Lindos, Rhodes, Greece

    "The experience of this sweet life..."
    Dante's Divine Comedy

    The day started in ruins. Well, adjacent to ruins: The ruins of the ancient acropolis of Rhodes and the nearby stadium that has been partially restored for continued use by the community. ( I never quite realized how massive such stadiums were until we walked this one which we were told was not actually that large.)

    We were to drive the area with Costas and Stelios to see a few of the interesting points of Rhodes. ( Insert fact that the latter has a Jack Russel terrier and his name went by so quickly that we were either going to be calling him Stale Toast or Russel. He chose Russel.)

    We wound through the island hearing history and lore and stopped briefly to take a moment with a view of a tiny, tiny church on a steep, steep hill seemingly in the middle of nowhere...but isn't it always seemingly in the middle of nowhere that one generally finds God because there is less competition? This church is a site of pilgrimage that is walked by women experiencing difficulties in pregnancy.

    They come here to pray to the Worthy Mother that they have a child or that they have a healthy child or that they experience fewer difficulties in their pregnancies. It is sometimes comforting just to know one is heard, but it is said that every woman who makes the pilgrimage has her prayers not only heard, but answered; this makes the long, difficult climb worth the effort.

    After more bends and hills we topped a rise in the land that gave us a view straight out of a story book: The acropolis of Lindos rises like a jewel held in place by the close-gathered white houses at its base and the whole arrangement is set in rocky, rolling hills that give way to the blue sea.

    This was about the time that Liberty announced she was not climbing another endless set of stairs to see a ruin.Period. When Russel suggested we could be carried up by donkeys, Lib relented and - accompanied by the strange sounds the donkey herds made harassing us up the acropolis - we were free to watch the landscape unfold below us until we reached the top of the acropolis to explore the ruins and only be able to grin at the beauty below us.

    The walk down from he acropolis took us through narrow, winding, sometimes-covered streets lined with houses and shops and paved in elaborate patterns of smooth pebbles standing on end.

    After the fashion of every wonderful thing in Greece, a meal awaited us:

    Abanthe is a fish tavern near Lindos with a crisp, sleek white-and-blue design (the blue and red fish indicating the mens' and womens' rooms caused a chuckle) and a reputation for excellent fish.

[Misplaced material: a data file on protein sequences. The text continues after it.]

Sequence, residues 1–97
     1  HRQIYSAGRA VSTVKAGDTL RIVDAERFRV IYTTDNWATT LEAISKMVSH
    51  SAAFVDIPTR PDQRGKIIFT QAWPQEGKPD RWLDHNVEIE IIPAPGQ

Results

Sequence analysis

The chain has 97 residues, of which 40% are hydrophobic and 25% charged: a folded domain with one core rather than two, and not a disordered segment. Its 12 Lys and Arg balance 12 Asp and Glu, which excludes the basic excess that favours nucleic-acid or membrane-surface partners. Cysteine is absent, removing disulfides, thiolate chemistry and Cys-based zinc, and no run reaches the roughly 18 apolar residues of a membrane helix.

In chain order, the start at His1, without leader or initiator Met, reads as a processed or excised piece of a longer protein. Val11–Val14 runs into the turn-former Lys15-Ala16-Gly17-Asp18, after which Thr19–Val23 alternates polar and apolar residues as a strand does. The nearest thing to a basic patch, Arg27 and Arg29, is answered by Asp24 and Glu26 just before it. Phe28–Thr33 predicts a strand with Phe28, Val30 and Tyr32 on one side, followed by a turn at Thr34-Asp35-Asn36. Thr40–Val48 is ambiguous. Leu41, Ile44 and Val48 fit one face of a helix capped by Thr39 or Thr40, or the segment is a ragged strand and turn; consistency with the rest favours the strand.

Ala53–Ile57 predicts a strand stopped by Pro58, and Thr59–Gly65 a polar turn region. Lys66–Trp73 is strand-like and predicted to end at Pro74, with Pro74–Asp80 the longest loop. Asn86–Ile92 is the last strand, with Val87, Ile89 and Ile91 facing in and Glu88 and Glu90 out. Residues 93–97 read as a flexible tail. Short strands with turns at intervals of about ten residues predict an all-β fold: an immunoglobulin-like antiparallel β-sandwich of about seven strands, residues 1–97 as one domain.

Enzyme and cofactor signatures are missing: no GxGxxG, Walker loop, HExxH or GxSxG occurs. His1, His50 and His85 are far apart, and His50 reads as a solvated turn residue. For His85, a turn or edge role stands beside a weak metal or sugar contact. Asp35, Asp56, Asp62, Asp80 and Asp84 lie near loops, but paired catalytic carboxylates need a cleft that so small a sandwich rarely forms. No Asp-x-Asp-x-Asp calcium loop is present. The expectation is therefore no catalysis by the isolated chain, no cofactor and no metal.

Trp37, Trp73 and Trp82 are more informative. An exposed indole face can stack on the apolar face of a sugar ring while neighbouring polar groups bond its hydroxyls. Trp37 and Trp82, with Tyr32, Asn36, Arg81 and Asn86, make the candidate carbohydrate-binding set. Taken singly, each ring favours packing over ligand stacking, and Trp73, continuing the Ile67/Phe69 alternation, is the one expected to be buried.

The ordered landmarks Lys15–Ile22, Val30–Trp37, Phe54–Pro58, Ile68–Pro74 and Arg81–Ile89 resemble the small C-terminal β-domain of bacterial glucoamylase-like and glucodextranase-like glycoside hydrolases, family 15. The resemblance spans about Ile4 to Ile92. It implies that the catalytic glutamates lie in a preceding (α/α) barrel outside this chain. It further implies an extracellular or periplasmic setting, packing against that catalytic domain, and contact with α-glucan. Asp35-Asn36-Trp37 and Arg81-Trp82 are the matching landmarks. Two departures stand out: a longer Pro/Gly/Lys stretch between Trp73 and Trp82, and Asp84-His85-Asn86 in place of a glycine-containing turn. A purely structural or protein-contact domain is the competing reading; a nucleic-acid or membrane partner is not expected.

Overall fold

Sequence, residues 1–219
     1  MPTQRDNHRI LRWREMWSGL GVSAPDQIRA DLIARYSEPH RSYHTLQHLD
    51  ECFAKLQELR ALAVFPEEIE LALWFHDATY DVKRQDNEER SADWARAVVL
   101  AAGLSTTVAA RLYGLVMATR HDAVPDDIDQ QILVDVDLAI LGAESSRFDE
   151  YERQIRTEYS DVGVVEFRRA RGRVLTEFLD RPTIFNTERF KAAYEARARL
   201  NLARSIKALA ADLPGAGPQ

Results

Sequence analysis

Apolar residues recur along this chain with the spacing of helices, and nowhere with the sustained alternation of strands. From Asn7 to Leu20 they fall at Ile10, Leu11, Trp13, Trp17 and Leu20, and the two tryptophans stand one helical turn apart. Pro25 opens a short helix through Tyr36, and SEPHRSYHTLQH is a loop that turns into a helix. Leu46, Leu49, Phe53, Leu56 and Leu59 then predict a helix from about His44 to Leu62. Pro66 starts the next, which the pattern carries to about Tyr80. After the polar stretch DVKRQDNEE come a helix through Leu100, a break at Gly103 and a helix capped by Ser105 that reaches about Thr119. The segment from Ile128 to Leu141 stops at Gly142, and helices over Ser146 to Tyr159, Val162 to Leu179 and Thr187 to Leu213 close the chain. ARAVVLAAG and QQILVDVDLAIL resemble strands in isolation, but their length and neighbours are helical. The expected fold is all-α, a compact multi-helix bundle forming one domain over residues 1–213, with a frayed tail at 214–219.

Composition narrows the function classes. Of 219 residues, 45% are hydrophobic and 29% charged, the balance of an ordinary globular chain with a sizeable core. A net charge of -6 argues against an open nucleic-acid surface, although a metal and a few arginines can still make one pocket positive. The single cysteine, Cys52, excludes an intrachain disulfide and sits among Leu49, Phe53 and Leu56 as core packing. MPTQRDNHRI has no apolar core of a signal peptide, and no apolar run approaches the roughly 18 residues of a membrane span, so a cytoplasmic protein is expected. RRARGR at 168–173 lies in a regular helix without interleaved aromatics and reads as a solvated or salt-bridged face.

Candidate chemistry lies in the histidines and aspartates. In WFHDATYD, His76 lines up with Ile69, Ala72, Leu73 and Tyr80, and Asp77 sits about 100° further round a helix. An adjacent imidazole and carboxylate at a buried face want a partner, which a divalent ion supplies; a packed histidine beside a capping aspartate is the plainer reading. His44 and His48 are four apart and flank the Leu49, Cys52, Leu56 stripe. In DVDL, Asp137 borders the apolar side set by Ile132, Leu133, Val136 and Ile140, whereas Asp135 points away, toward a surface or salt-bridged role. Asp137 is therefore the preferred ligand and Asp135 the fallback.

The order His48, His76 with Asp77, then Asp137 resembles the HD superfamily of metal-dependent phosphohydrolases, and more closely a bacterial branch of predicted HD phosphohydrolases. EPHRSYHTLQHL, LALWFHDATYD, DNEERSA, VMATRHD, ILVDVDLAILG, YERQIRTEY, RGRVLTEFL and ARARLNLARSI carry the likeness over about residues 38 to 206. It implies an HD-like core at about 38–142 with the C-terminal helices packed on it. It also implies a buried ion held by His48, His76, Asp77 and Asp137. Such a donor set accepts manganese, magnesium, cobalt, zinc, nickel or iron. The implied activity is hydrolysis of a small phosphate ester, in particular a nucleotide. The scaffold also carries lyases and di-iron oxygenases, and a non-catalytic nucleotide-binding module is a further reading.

We were allowed to the cooler to choose our lunch which was so fresh their eyes were still plump and clear and they were still slick from the sea. We had a fish called Rofos that lives among rocks and must be shot to be killed making it scarce. The flesh of the Rofos was tender, mildly flavored and bright white with a network of delicate black veins. The fish was prepared by bringing a stock of greens and vegetables to a boil, dropping the fish in to steam and taking the water off boil letting the heat slowly cook the fish for an hour.

    As we waited for our fish, we had chick-pea fritters, hot freshly grated garlic on green beans, grilled sun-dried octopus with a balsamic reduction, a large salt-cured fish grilled and wonderful with ouzo, fired potatoes, dolmades (different here in being cooked with dill and lemon and stuffed with rice and mincemeat) and a salad of peppery roquette, cured peppers and olives unique to this village.

    When the fish for the main course arrived we were all quite mellow with food and drink (Costas did say, "Here in Greece you are a little dizzy all day.") and Costas and Russel decided that TJ and I should have the delicacy of the fish eyes. It was not just like chicken and had a bit of a crunchy collar from the socket, but the taste was interesting enough and the Rofos was incredible.

    A swim in the sea after lunch guaranteed that we didn't sink into a nap (Lib and I having a bonding moment in the changing hut). On the drive home - with Tonya, Liberty and Russel in that order in the middle seat of the vehicle - Liberty suddenly perked up looked sharply at Russel and asked (regarding a smell):

    "Is that your gum?!"

    Russel: (Looking frightened and rapidly spitting out the open window) "No!"

    Amid roars of laughter we were pulled over by a policeman proving a point: One in one million speeding drivers in Greece does, indeed, get a reprimand.

    All in all, a very memorable day.
    (Steven Magstadt)

    Wednesday, September 28, 2011

    Syros Photography Club

    Jeanna, TJ and I got to attend a meeting of the Syros Photography Club. They are a hobby club that meets once a week and learns from professional photographers, completes picture assignments and shares ideas.

    We were only there a short time, but being the photo buff that I am, I was pretty excited. One of the members put together a slide show of Syros photos that she had taken of key places around the island. They were very pretty pictures capturing clouds and sunsets that I wish that I would be here long enough to see. We then took a group photo (hello, we were at a photography club) and bid them goodbye. It was a short and sweet vocational visit that I am glad we could make time to do.